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This is the README file for GMP-ECM. (See INSTALL-ecm for installing GMP-ECM
and the ecm library, and README.lib for using the ecm library.)

Table of contents of this file:
1. Basic usage.
2. How to use P-1, P+1, and ECM efficiently?
3. Extra factors and Brent-Suyama's extension.
4. Memory usage.
5. Expression syntax reference for GMP-ECM's syntax parser.
6. Options -param, -sigma, -x0, -y0, -A, -torsion.
7. Options -save, -resume and -chkpnt.
8. How to get the best of GMP-ECM?
9. GMP-ECM and GPU.
11. Record factors.
11. Known problems.

##############################################################################

1. Basic usage

GMP-ECM reads the numbers to be factored from stdin (one number on each
line) and requires a numerical parameter, the stage 1 bound B1. A reasonable 
stage 2 bound B2 for the given B1 is chosen by default, but can be overridden 
by a second numerical parameter. By default, GMP-ECM uses the ECM factoring 
algorithm.

Example: To run one curve of ECM with B1=1000000 on each number in the file
"composites", run

ecm 1000000 < composites

To use a B2 value of ~5*10^8 instead of the default value of ~10^9, run

ecm 1000000 5e8 < composites

Scientific notation is accepted for B1 and B2 values. The actual B2 value
used may be larger than the specified value to let parameters satisfy some 
conditions imposed by the stage 2 algorithm.

To run one curve with B1=11e7 on M1061, simply do:

echo "2^1061-1" | ecm 11e7

To run more than one ECM curve on each input number, use the -c parameter.

Example: to run 100 curves with B1=1000000 and default B2 on each number 
in "composites", run

ecm -c 100 1000000 < composites

To use the P-1 or P+1 factoring methods, use the -pm1 or -pp1 parameter,
respectively.

Example: to use the P-1 method with B1=10^9 on all numbers in the file 
"composites", run

ecm -pm1 1e9 < composites

Note that, unlike for ECM, using the same B1,B2 bounds on one number is 
quite useless for P-1, and of limited use for P+1. See "2. How to use P-1, 
P+1, and ECM efficiently?"

##############################################################################

2. How to use P-1, P+1, and ECM efficiently?

The P-1 method works well when the input number has a prime factor P such
that P-1 is "smooth", i.e., has all its prime factor less or equal the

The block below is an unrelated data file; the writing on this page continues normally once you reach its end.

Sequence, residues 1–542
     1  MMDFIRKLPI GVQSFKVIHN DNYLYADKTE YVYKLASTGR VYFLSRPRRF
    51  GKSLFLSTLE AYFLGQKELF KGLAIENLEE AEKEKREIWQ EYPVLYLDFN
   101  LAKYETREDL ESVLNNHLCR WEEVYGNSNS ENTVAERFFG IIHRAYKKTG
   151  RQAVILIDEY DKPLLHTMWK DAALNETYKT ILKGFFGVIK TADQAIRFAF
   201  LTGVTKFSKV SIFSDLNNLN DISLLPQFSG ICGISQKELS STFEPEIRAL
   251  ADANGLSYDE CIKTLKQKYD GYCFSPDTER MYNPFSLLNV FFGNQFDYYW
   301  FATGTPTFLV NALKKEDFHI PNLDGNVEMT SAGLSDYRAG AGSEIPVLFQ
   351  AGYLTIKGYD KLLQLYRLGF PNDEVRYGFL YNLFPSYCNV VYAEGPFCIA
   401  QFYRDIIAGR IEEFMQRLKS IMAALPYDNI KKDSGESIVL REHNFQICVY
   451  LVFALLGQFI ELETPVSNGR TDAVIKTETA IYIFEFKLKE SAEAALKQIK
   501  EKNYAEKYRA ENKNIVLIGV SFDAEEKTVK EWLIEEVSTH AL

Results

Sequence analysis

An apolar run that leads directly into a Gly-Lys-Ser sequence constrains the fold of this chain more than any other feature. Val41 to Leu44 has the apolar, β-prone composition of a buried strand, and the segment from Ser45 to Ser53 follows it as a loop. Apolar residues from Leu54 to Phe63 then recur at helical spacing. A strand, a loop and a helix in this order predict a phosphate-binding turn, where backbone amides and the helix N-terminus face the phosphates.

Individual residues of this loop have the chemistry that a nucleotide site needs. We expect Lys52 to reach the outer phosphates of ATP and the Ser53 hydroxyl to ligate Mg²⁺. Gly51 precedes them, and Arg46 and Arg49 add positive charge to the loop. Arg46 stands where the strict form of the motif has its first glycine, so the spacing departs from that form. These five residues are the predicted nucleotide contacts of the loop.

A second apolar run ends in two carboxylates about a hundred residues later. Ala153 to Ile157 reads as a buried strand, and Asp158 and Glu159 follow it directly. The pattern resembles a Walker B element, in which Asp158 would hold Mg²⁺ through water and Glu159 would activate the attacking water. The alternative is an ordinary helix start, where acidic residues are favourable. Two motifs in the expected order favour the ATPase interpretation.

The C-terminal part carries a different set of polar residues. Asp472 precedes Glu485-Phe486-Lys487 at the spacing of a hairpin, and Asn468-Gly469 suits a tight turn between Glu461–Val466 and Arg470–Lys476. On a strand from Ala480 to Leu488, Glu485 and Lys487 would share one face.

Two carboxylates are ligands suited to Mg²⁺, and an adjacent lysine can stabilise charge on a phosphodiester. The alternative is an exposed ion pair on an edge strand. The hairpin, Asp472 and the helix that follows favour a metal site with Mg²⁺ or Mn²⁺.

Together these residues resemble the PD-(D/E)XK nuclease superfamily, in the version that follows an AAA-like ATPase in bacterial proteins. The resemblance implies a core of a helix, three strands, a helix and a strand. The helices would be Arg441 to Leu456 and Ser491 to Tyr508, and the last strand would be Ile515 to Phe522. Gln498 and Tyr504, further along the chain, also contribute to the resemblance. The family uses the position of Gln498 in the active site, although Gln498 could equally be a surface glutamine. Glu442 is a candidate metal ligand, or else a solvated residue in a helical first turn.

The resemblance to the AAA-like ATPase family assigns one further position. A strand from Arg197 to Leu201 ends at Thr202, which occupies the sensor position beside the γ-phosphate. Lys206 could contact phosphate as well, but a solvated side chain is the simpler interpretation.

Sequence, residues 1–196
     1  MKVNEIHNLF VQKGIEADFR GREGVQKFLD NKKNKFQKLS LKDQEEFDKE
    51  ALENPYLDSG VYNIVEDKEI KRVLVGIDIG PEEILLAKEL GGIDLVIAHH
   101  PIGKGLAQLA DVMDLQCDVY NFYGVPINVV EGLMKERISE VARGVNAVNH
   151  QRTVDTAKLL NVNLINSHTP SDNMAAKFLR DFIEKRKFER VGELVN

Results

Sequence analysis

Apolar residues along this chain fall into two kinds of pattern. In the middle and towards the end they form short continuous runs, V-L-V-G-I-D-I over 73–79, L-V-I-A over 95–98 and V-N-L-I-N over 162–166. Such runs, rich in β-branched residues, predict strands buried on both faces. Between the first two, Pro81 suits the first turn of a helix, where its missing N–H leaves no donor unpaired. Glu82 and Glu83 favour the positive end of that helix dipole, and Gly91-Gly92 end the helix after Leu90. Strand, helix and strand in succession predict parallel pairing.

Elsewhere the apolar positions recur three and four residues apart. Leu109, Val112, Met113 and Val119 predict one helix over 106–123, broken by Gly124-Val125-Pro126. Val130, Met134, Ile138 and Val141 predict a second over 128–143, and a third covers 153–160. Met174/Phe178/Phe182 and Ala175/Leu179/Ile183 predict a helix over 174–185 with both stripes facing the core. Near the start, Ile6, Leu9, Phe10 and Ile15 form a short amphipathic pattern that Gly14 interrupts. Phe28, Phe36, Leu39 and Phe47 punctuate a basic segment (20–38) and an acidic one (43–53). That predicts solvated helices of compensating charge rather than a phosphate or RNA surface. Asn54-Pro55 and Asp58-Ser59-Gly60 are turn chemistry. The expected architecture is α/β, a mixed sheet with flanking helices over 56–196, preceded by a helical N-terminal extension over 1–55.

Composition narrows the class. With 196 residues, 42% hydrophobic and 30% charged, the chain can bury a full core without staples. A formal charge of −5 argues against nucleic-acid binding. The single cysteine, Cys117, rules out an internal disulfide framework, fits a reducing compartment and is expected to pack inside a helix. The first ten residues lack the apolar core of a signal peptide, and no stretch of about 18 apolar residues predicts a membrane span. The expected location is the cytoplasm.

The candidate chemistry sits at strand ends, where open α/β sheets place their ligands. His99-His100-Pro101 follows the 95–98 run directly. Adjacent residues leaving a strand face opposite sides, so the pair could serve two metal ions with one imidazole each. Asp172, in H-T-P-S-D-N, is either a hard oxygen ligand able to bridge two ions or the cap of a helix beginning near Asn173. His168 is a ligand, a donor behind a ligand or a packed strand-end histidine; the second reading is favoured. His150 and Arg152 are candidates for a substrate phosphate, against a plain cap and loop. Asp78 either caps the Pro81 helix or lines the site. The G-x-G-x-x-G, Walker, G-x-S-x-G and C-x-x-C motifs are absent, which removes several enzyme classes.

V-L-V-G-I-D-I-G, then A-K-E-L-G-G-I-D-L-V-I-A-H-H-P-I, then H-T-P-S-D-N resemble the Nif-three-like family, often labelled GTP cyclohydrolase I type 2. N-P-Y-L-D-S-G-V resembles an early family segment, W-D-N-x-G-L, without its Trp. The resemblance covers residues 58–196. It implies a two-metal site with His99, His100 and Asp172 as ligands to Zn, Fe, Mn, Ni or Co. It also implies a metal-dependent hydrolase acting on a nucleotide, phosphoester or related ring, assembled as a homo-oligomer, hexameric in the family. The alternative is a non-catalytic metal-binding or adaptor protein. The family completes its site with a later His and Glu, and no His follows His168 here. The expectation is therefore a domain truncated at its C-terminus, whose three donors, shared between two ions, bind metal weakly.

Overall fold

step 1 bound B1, except one which may be less or equal the second step
bound B2. For P=67872792749091946529, we have P-1 = 2^5 * 11 * 17 * 19 *
43 * 149 * 8467 * 11004397, so this factor will be found as long as B1 >= 8467
and B2 >= 11004397:

$ echo 67872792749091946529 | ./ecm -pm1 -x0 2809890345 8467 11004397
GMP-ECM ... [powered by GMP ...] [P-1]
Input number is 67872792749091946529 (20 digits)
Using B1=8467, B2=6710-19370830, x0=2809890345
Step 1 took 3ms
Step 2 took 14ms
********** Factor found in step 2: 67872792749091946529
Found input number N

There is no need to run P-1 several times with the same B1 and B2 as there
is for ECM, since a factor found with one seed will (almost always) be found 
by another one.

Note: if a factor of P-1 if known, you can specify it with -go. For example
it is known that the Fermat number 2^(2^n)+1 has factors of the form
k*2^(n+2)+1, thus 2^(n+2) is a known factor of P-1. The -go expression has
a special placeholder 'N' which stands for the input number, for example:

$ echo "2^(2^12)+1" | ecm -go "N-1" -pm1 1e6

The P+1 method works well when the input number has a prime factor P such
that P+1 is "smooth". For P=4190453151940208656715582382315221647, we have
P+1 = 2^4 * 283 * 2423 * 21881 * 39839 * 1414261 * 2337233 * 132554351, so
this factor will be found as long as B1 >= 2337233 and B2 >= 132554351:

$ echo 4190453151940208656715582382315221647 | ./ecm -pp1 -x0 7 2337233 132554351
GMP-ECM ... [powered by GMP ...] [P+1]
Input number is 4190453151940208656715582382315221647 (37 digits)
Using B1=2337233, B2=2324738-343958122, x0=7
Step 1 took 750ms
Step 2 took 120ms
********** Factor found in step 2: 4190453151940208656715582382315221647
Found input number N

However not all seeds will succeed: only half of the seeds 'x0' work for P+1
(namely those where the Jacobi symbol of x0^2-4 and P is -1.) Unfortunately, 
since P is usually not known in advance, there is no way to ensure that this 
holds. However, if the seed is chosen randomly, there is a probability of 
about 1/2 that it will give a Jacobi symbol of -1 (i.e., the factor P will 
be found if P+1 is smooth enough). A rule of thumb is to run 3 times P+1 
with different random seeds. The seeds 2/7 and 6/5 have a slightly higher 
chance of success than average as they lead to a group order divisible by
6 or 4, respectively. When factoring Fibonacci numbers F_n or Lucas 
numbers L_n, using the seed 23/11 ensures that the group order is
divisible by 2n, making other P+1 (and probably P-1) work unnecessary.

As of version 6.2, a new stage 2 for the P-1 and P+1 algorithms is 
implemented. It uses less memory and is faster than the previous code, 
thus allowing larger B2 values. If GMP-ECM is configured with the
"--enable-openmp" flag and is compiled with a compiler that implements 
OpenMP, it uses multi-threading for computation of polynomial roots and